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U.S. NAVY 4th FLEET IN RECIFE - 162 SHIPS

76)DD 381 SOMERS



Photo. Wikipedia


CLASS - SOMERS


Displacement 2767 Tons (Full)


Launched July 30 1938 and commissioned November 9 1938.


Decommissioned October 19 1945.


Stricken November 1 1945.


Fate: Sold November 24 1947and broken up for scrap.


Dimensions, 381' (oa) x 36' 11" x 12' 5" (Max)


Armament 8 x 5"/38AA (4x2), 8 x 1.1" AA, 2 x 0.5" MG 12 x 21" tt.(4x3).


Machinery, 52,000 SHP; General Electric Geared Turbines, 2 screws.


Speed, 37 Knots.


Range 7500 NM@ 15 Knots.


Crew 294.


On the morning of 6 November 1941, DD 381 Somers and Omaha (CL-4) came upon a ship midway between the prominences of South America and Africa. Throughout 1942. Somers cruised the South Atlantic between Brazil and Trinidad, patrolling and escorting convoys to rendezvous points off Trinidad. On 21 November 1942, Somers had her second encounter with a German blockade runner. Early that morning, Cincinnati (CL-6) contacted an unidentified merchantman. The group changed course to intercept her, and Somers was dispatched to investigate personally.


The mystery shin identified herself as the Norwegian merchant ship SS Skjilbred, but gave no further information. Somers closed the suspicious ship and made fruitless attempts to communicate with her. When Somers had closed to about 1900 yards, fires broke out on Skiilbred's bridge and boats were lowered. Somers immediately called a boarding party away, but before they could reach Skjilbred, three heavy explosions rocked the merchantman.


The boarding party clambered aboard, but the fire and flooding were beyond control, so they left the stricken ship taking only some evidence indicating that she was the German merchantman Anneliese Essberger. At 0711, the blockade runner slipped beneath the waves, and the survivors were taken on board Milwaukee (CL-5). In January 1943, Somers left her patrols in the South Atlantic to perform a special mission. On the 5th, she got underway from Recife, Brazil, in company with Memphis (CL-13) and headed for Bathurst Gambia.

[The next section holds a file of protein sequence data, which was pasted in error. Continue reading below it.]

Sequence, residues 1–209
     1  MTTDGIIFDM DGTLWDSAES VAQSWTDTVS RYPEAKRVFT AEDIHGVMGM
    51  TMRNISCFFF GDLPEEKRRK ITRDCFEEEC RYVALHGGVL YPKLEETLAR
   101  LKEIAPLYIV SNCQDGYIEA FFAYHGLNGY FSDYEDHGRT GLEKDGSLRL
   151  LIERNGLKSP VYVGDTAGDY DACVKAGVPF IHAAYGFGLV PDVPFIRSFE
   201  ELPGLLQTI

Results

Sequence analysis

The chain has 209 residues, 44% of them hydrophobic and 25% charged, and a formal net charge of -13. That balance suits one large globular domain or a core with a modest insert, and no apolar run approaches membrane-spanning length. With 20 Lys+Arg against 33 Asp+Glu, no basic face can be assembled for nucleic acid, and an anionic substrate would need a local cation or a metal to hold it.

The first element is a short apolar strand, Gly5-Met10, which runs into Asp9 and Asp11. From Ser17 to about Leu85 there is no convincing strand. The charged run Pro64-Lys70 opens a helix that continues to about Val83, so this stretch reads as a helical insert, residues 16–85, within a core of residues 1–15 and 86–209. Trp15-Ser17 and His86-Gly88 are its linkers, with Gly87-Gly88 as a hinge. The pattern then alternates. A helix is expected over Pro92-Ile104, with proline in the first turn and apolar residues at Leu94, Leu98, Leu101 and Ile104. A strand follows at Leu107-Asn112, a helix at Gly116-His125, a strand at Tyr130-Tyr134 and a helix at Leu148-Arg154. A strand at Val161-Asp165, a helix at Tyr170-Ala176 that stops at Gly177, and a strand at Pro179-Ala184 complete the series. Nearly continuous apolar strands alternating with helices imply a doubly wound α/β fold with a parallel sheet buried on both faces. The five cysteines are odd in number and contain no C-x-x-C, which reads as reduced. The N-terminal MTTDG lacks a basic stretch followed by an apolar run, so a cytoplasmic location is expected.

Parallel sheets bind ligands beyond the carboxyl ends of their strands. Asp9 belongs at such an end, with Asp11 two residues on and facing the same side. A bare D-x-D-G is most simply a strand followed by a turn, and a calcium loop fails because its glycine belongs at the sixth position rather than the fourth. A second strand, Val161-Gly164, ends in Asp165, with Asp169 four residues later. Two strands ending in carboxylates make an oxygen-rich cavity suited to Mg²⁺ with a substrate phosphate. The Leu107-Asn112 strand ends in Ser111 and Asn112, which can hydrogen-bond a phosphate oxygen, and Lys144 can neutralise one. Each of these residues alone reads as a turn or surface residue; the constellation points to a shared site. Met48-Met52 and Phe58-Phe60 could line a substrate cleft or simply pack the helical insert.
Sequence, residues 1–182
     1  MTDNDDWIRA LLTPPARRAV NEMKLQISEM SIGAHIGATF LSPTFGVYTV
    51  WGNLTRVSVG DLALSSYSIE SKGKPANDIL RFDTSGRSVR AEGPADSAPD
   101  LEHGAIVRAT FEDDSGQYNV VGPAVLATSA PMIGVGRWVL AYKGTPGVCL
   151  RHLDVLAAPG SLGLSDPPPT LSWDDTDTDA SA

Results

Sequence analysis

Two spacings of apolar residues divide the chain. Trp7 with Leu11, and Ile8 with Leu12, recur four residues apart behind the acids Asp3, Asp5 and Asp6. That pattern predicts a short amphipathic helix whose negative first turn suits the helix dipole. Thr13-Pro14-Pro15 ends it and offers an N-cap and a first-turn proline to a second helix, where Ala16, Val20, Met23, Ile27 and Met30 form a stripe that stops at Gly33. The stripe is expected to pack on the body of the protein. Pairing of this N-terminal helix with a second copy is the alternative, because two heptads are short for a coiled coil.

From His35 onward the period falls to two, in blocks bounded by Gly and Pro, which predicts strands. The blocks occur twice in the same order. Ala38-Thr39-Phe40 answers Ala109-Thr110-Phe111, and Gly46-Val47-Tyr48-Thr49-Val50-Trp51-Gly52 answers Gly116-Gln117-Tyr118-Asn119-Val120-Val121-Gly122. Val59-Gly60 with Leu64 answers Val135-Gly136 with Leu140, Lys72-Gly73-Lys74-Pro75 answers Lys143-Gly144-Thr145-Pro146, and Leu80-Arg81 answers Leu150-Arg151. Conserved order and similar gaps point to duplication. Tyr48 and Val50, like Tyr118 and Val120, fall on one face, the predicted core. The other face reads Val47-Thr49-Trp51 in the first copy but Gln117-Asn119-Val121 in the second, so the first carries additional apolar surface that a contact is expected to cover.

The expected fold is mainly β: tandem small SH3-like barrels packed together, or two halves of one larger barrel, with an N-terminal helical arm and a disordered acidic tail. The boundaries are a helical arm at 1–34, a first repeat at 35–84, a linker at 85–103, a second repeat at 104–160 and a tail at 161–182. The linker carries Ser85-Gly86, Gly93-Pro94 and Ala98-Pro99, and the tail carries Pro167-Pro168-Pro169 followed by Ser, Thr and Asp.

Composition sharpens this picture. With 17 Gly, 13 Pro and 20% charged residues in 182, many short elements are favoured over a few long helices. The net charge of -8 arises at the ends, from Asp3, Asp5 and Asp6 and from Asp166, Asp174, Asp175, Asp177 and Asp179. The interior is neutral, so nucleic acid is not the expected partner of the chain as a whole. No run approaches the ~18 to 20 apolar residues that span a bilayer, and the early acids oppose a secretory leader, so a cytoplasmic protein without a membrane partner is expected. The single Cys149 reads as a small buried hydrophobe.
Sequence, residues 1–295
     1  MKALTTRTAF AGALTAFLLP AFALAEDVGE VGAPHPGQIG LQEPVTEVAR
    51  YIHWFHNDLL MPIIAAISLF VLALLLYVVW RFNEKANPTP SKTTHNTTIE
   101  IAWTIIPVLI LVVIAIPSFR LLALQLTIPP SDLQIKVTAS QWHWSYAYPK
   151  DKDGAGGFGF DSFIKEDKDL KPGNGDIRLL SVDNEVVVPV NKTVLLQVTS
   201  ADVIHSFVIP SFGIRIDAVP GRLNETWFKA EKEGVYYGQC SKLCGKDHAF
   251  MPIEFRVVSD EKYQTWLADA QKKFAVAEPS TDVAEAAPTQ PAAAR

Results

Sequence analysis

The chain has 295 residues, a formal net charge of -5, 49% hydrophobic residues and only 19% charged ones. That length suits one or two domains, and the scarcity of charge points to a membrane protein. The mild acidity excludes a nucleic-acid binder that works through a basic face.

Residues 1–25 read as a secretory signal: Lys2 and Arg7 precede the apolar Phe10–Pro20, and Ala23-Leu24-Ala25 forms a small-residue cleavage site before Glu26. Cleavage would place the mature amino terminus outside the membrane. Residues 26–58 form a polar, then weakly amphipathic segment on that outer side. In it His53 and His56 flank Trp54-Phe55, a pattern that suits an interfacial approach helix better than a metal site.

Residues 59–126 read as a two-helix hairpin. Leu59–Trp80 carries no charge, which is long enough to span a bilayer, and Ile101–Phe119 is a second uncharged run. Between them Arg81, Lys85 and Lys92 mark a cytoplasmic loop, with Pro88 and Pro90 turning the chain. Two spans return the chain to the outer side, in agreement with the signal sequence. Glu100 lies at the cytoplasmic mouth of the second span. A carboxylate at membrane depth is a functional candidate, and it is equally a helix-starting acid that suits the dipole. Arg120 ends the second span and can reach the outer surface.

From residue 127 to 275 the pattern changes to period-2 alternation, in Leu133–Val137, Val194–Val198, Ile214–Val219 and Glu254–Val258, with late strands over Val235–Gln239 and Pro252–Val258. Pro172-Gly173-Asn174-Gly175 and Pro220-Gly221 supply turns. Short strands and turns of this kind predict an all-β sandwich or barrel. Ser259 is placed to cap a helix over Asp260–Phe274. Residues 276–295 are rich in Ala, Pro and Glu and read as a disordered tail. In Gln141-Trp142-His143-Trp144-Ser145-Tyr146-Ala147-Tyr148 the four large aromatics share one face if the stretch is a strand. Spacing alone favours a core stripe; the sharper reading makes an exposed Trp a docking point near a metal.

There, Memphis served as flagship for President Roosevelt during the Casablanca Conference between Churchill and Roosevelt; and Somers provided screening and escort services for the flagship. Somers remained at Bathurst from 10 to 27 January 1943 then moved on to Dakar, Senegal, where she rendezvoused with the task group escorting the French ships Richelieu and Montcalm, to the United States. This task group stood out of Dakar on 30 January 1943 and headed west. During the evening of 8 February, Somers and Montcalm were detached from the main group and headed for Philadelphia. They anchored in Delaware Bay on the evening of the 10th and moored at Philadelphia the next day.


On 13 February, the destroyer departed Philadelphia and steamed independently to Charleston, S.C., for two weeks of availability at the navy yard. On the 28th, she got underway to return to South Atlantic patrol duty, this time out of Trinidad, B.W.I. Throughout 1943, Somers patrolled the South Atlantic for German blockade runners and guarded the sea lanes from German submarines. She also escorted convoys from the Caribbean area to Bahia and Recife, in Brazil.


DANFS      DICTIONARY OF AMERICAN NAVAL FIGHTING SHIPS


 

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